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'India must stop further roll out of Aadhaar'

By Mitchell Baker and Ankit Gadgil
Last updated on: June 01, 2017 22:46 IST
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The protection of individual security and privacy is critical to building safe online systems, say Mitchell Baker and Ankit Gadgil.

Imagine your government required you to consent to ubiquitous stalking in order to participate in society -- to do things such as log into a WiFi hotspot, register a SIM card, get your pension, or even obtain a food ration of rice.

Imagine your government was doing this in ways your Supreme Court had indicated were illegal.

This isn’t some dystopian future, this is happening in India right now.

The government of India is pushing relentlessly to roll out a national biometric identity database called Aadhaar, which it wants India’s billion-plus population to use for virtually all transactions and interactions with government services.

The Indian Supreme Court has directed that Aadhaar is only legal if it’s voluntary and restricted to a limited number of schemes.

Seemingly disregarding this directive, Prime Minister Narendra Modi’s government has made verification through Aadhaar mandatory for a wide range of government services, including vital subsidies that some of India’s poorest citizens rely on to survive.

Vital subsidies aren’t voluntary.

Even worse, the government of India is selling access to this database to private companies to use and combine with other datasets as they wish. This would allow companies to have access to some of your most intimate details and create detailed profiles of you, in ways you can’t necessarily see or control.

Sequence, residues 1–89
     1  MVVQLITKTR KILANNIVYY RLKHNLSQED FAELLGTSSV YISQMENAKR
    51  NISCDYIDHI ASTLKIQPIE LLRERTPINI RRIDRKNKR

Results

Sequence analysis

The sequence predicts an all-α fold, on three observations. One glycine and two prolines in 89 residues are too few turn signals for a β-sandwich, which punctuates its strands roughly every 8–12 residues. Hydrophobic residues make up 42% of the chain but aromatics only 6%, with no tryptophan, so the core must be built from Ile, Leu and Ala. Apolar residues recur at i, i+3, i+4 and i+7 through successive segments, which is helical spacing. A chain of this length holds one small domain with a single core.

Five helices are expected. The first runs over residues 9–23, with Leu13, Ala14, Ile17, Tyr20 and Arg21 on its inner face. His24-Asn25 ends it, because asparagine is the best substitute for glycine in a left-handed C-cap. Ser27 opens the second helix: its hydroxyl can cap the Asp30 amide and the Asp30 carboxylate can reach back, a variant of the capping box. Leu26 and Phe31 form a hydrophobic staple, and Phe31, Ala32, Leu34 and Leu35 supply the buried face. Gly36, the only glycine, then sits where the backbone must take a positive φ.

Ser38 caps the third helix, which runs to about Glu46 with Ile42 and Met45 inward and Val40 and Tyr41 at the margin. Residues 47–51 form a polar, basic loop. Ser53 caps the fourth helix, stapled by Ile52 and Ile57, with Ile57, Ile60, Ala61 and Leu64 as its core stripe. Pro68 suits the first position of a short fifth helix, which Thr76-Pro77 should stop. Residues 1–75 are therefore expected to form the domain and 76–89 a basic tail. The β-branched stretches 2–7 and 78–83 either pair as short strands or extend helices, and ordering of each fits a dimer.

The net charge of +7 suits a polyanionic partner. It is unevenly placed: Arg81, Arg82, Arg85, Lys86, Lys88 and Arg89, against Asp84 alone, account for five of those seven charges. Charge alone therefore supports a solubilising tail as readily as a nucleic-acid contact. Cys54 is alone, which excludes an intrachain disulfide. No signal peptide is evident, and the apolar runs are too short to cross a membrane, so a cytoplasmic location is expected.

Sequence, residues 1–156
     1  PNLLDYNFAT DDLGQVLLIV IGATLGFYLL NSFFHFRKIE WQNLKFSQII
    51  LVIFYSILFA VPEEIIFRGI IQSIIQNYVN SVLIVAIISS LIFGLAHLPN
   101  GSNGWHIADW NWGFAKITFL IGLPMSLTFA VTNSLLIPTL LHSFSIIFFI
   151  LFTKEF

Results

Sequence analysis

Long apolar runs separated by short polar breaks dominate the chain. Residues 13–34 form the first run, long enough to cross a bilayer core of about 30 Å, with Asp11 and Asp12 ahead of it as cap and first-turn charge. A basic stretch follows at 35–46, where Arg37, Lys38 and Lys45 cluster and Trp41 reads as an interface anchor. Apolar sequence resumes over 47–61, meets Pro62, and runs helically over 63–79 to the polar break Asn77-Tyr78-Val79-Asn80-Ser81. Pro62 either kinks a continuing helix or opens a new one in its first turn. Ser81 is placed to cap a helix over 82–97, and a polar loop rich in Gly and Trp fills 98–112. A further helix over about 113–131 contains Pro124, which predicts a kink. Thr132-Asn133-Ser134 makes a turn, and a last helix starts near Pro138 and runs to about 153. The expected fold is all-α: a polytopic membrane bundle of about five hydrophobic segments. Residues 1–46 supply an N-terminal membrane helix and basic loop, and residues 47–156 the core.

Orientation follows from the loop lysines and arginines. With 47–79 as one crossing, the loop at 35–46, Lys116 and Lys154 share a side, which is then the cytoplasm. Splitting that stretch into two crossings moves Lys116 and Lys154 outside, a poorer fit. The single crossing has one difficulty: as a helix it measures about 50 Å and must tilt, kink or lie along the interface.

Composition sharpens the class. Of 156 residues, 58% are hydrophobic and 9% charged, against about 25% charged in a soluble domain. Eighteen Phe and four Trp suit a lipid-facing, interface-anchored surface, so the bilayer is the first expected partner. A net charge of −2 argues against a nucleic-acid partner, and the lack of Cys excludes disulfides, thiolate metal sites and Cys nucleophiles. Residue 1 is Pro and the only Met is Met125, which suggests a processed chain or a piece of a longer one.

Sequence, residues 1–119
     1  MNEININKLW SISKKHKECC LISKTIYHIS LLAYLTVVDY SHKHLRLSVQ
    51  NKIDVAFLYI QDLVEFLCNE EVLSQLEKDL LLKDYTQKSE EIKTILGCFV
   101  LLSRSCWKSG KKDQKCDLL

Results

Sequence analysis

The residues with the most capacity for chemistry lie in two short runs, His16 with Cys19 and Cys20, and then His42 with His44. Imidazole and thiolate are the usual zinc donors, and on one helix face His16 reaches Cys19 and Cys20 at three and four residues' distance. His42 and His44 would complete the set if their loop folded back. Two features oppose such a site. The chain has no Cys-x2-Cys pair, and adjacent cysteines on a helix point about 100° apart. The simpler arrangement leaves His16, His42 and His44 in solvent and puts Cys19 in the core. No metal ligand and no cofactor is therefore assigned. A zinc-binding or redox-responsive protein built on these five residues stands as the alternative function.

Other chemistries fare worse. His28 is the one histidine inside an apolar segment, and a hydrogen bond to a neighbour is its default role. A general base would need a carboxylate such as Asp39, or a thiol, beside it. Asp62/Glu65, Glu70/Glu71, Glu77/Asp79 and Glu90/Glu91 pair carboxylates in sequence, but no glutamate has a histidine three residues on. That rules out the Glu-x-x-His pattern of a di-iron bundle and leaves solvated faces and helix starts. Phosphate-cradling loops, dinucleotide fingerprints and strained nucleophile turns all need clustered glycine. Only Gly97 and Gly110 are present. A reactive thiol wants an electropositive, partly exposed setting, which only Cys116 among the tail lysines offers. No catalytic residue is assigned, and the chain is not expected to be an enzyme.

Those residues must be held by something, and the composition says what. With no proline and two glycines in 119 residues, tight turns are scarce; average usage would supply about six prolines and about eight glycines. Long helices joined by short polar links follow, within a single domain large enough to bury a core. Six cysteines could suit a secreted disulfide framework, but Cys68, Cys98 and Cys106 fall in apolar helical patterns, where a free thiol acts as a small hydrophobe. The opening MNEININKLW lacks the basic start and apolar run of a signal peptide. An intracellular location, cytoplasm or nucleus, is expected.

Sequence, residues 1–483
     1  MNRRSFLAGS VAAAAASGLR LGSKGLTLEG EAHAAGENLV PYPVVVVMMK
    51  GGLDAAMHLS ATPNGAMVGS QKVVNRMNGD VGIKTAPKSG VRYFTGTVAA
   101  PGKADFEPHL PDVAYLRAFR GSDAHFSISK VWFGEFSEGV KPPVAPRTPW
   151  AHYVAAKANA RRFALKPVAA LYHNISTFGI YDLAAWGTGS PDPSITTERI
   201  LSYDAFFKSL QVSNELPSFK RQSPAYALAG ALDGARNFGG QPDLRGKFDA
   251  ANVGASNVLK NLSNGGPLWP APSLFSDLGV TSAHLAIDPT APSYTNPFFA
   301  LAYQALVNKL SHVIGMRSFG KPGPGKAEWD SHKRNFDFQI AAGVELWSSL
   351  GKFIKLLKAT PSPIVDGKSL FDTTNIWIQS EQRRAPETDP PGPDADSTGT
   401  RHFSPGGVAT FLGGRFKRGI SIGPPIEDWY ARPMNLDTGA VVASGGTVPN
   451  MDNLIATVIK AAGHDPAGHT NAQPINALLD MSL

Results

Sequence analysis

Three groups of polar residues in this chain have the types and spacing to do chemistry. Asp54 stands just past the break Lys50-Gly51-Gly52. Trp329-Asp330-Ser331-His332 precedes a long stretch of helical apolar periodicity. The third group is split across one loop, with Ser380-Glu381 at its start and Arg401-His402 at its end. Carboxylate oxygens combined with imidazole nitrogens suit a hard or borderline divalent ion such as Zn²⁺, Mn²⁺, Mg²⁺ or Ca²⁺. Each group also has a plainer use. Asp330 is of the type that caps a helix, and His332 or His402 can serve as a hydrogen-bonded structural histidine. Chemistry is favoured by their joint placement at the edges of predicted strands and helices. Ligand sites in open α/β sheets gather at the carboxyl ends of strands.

The government can also share user data ‘in the interest of national security’, a term that remains dangerously undefined. There are little to no protections on how Aadhaar data is used, and certainly no meaningful user consent.

Individual privacy and security cannot be adequately protected and users cannot have trust in systems when they do not have transparency or a choice in how their private information will be used.

This is all possible because India currently does not have any comprehensive national law protecting personal security through privacy.

India’s attorney general has recently cast doubt on whether a right to privacy exists in arguments before the Supreme Court, and has not addressed how individual citizens can enjoy personal security without privacy.

We have long argued that enacting a comprehensive privacy and data protection law should be a national policy priority for India. While it is encouraging to see the attorney general also indicate to the Supreme Court in a separate case that the government of India intends to develop a privacy and data protection law by Diwali, it is not at all clear that the draft law the government will put forward will contain the robust protections needed to ensure the security and privacy of individuals in India.

At the same time, the government of India is still exploiting this vacuum in legal protections by continuing to push ahead with a massive initiative that systematically threatens individuals’ security and privacy.